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‘Enough,’ indeed: There’s no one female view on mining and the environment

SIDE LAKE, MINN. — In a recent Community Voices piece about the PolyMet draft environmental impact statement (EIS), Elanne Palcich beseeched women to stand up and say “Enough.”

So I stand before you and say “Enough!”

For my fellow women scientists and engineers, I cry “Enough!” Our female minds are rational, fact-based and view the world statistically, graphically and independently from the influence of male colleagues. We are well-educated, experienced professionals who are able to dispassionately review the PolyMet draft EIS. We operate under strict ethical codes of conduct as well as consciences that were formed in the generation of the Clean Water and Clean Air Acts. We understand risk assessment, risk management and accept our responsibility to minimize the consequences created by a consumer-driven society. We are working as professionals in industry, earning solid wages and the respect of our male coworkers as we battle together the challenges created by a global economy.

For my mining colleagues, men and women, I cry “Enough!” Mining has created our civilization and is the reality of a world requiring industrial-scale agriculture, water and wastewater treatment and simple, quality-of-life goods such as structurally sound houses. If it cannot be grown, it has to be mined. We are not able to select where the Earth’s minerals are found, but we are able to select as responsible citizens and consumers where and how we want these minerals to be mined.

We live in a global economy
The raw materials of civilization can be forged in Northern Minnesota, where there are environmental regulations and fair wages — or the mines can exist only in foreign countries with limited, if any, regulations to protect workers, their families and their ecosystems. We operate and live in not only a global economy, but also a global environment. Air currents and the hydrological cycle guarantee that contrary to the bacchanalia of Vegas, what happens in China most definitely does not stay in China.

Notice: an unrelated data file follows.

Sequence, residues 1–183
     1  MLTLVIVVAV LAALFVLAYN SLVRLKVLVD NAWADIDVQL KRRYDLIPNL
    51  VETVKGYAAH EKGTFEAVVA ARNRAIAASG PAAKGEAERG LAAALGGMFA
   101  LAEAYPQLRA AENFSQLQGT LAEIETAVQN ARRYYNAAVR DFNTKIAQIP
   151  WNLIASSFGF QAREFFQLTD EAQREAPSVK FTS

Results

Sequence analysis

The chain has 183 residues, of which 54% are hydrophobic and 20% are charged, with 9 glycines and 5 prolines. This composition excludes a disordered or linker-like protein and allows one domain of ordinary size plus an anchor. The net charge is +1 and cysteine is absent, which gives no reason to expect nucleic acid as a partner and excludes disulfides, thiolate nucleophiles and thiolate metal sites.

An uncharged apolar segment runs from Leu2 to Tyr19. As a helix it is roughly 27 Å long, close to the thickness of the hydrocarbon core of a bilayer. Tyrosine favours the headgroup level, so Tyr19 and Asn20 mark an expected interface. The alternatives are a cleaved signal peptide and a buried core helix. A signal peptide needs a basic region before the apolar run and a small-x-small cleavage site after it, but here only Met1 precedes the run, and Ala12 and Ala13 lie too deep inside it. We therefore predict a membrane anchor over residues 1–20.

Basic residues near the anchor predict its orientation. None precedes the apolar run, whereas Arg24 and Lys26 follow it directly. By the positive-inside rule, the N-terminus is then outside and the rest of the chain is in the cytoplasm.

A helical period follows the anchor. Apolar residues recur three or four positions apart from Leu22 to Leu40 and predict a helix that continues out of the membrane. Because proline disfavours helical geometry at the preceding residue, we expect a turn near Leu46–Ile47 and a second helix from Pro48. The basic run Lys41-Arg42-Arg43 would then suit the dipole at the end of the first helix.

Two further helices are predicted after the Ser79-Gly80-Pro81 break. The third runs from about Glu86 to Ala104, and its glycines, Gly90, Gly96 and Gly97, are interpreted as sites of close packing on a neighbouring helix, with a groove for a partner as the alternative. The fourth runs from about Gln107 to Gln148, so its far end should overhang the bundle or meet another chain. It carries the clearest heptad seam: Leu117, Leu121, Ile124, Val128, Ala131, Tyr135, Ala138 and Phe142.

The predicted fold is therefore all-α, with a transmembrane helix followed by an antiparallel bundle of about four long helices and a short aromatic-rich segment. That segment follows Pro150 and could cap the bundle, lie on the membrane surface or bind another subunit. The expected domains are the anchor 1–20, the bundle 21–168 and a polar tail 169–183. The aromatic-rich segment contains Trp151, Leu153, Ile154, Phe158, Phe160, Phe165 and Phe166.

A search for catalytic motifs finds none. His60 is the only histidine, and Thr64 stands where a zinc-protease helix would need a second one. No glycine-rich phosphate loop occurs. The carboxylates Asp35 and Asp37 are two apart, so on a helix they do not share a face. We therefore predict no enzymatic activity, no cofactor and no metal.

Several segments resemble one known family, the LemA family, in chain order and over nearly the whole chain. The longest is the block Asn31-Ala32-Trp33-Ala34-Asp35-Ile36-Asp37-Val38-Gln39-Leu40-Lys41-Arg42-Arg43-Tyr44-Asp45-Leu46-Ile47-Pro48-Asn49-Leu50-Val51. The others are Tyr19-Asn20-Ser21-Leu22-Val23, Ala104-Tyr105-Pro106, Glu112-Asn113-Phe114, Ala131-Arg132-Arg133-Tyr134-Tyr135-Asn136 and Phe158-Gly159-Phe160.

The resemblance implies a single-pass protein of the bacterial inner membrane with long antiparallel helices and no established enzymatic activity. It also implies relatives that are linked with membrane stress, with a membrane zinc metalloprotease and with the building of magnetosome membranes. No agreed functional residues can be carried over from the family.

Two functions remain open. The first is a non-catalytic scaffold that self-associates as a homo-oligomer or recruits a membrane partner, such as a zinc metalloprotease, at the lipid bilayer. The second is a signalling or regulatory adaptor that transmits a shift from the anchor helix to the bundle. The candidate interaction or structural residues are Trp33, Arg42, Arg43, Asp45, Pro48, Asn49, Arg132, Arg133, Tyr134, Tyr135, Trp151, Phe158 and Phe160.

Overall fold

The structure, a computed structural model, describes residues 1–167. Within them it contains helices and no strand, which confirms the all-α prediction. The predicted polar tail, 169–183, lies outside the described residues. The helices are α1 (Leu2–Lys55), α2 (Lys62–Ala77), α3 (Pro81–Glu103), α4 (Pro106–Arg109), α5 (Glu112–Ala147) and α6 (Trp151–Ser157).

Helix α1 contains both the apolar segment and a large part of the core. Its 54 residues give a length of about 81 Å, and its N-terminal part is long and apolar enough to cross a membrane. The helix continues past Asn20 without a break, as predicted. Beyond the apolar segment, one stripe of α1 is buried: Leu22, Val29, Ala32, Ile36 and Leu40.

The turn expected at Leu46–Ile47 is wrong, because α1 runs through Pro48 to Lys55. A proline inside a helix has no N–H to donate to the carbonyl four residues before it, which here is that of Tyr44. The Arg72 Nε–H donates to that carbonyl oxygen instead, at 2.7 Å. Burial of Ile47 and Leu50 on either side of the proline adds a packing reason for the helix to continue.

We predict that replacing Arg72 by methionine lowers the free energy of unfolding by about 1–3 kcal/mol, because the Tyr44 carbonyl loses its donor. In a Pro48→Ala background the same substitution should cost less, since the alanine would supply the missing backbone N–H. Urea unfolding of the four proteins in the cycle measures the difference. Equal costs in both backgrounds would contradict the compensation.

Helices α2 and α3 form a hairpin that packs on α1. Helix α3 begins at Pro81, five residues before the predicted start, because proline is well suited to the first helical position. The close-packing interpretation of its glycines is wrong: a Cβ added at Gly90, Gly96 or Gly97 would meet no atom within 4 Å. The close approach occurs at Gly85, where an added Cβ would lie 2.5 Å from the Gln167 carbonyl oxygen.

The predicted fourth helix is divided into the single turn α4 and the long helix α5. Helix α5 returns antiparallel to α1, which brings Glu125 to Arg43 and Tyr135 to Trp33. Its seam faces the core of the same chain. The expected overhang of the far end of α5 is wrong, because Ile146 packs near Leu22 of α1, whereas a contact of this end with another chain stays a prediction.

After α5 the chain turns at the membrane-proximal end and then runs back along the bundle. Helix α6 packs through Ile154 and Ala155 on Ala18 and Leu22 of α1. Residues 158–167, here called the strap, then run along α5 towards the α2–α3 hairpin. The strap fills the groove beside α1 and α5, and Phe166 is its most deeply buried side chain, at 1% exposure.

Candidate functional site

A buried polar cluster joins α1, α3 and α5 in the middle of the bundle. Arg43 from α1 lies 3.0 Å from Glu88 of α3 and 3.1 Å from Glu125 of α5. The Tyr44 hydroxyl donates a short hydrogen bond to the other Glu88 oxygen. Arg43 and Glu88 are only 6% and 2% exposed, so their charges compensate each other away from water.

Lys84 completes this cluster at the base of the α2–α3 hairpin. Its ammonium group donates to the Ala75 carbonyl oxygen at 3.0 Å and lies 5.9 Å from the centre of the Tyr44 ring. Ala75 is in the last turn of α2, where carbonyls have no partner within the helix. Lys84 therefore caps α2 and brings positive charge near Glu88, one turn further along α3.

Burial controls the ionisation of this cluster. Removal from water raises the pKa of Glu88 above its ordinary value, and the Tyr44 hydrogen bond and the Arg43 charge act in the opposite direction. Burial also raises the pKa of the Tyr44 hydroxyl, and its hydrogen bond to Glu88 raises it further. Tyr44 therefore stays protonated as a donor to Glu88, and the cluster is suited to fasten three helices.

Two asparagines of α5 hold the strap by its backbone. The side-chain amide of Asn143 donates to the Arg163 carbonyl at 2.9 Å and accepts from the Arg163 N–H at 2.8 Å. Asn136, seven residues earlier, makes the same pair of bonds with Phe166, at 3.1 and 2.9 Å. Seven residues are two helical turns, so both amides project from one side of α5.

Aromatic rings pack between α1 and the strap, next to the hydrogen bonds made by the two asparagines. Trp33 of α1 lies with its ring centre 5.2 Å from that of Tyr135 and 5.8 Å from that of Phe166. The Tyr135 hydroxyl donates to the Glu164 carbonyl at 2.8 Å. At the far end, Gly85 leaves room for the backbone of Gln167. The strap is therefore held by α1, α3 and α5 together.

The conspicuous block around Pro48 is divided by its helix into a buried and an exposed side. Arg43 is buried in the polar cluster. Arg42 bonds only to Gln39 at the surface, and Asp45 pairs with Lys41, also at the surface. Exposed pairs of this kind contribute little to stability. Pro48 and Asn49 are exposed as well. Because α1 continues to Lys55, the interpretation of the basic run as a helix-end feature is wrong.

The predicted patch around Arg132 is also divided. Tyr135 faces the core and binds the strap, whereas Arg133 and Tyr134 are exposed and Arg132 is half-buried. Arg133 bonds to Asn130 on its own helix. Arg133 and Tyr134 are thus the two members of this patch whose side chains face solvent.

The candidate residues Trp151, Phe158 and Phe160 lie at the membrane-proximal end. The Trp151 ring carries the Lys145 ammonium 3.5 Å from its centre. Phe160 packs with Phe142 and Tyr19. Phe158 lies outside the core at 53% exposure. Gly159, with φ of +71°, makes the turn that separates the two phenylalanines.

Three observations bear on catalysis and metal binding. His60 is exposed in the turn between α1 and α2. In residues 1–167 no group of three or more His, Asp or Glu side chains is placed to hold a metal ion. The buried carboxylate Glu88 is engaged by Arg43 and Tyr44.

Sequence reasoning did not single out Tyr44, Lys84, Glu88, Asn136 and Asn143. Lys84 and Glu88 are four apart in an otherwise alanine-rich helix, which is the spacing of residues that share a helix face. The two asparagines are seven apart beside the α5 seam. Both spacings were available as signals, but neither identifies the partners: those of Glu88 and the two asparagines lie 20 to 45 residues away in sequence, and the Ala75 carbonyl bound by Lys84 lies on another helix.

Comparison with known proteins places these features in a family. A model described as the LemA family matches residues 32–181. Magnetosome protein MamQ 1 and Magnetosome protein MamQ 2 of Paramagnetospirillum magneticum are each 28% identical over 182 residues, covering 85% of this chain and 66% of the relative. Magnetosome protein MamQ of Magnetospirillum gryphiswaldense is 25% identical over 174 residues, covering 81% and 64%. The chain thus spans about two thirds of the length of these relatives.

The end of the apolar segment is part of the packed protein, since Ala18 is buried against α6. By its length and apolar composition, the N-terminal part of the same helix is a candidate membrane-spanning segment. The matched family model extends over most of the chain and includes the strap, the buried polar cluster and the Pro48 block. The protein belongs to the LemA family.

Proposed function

For those of us who live and breathe facts, I cry “Enough!” The facts are that while PolyMet may be headquartered in Canada, the employees making up the majority of the current workforce are Rangers who have their roots here and who will stay here whether or not this project moves forward.

The fact is that we live in a global economy in 2009. Other countries such as China are developing rapidly and either Rangers benefit from China’s growth through the sale of our resources or we choose to become dependent on a service-based economy that may not prove to be more sustainable for the Range in the long-run than a resource-based economy. The fact is that there are those of us who do not see destruction when we see a mine. We see the construction of homes, bridges, modes of transportation, communication devices and medical instruments. We recognize and applaud wise utilization of the Earth’s resources for the improvement of society.

Not going ‘along for the ride’
For my nieces who refer to their mom’s 1-ton, horse-trailer hauling, diesel-burning pick-up as the “chick truck,” I cry “Enough!” There are a lot of us women who refuse to be “along for the ride” in our lives. We are intelligent, we are strong, we are resourceful, we are independent and yes, we are feminine. Stereotypes may save time, but are painfully antiquated. The opportunities for my nieces as they grow up are abundant courtesy of the women who have refused to be labeled or placed in a teeny-tiny box of expectations. I would be honored to have them follow in my footsteps as an environmental professional on the frontlines, using technology and common sense to find a way to balance civilization’s need for mineral resources with the corresponding need for environmental stewardship.

For the men who are often unfairly lambasted, I cry “Enough!” You are protective husbands, fathers and neighbors who lace up your steel toes everyday to contribute your talents at the mines and contribute to your family’s financial well-being. Even with the recent economic downturn, you are still solid husbands and fathers providing emotional support for your family. You work alongside increasing numbers of young women where you mentor us and pass along your hard-earned knowledge to us. You encourage your wives and daughters in their career choices or cheer them on as stay-at-home moms.You are our teammates at home and in the workplace. Your children are the future of the Range and you strive to ensure that they have the ability to live and work here someday and raise your grandchildren. The children are yours too.

For the future of the Iron Range as more than a tourist destination, I cry “Enough!”

Julie C. Klejeski is an environmental professional on the Iron Range.

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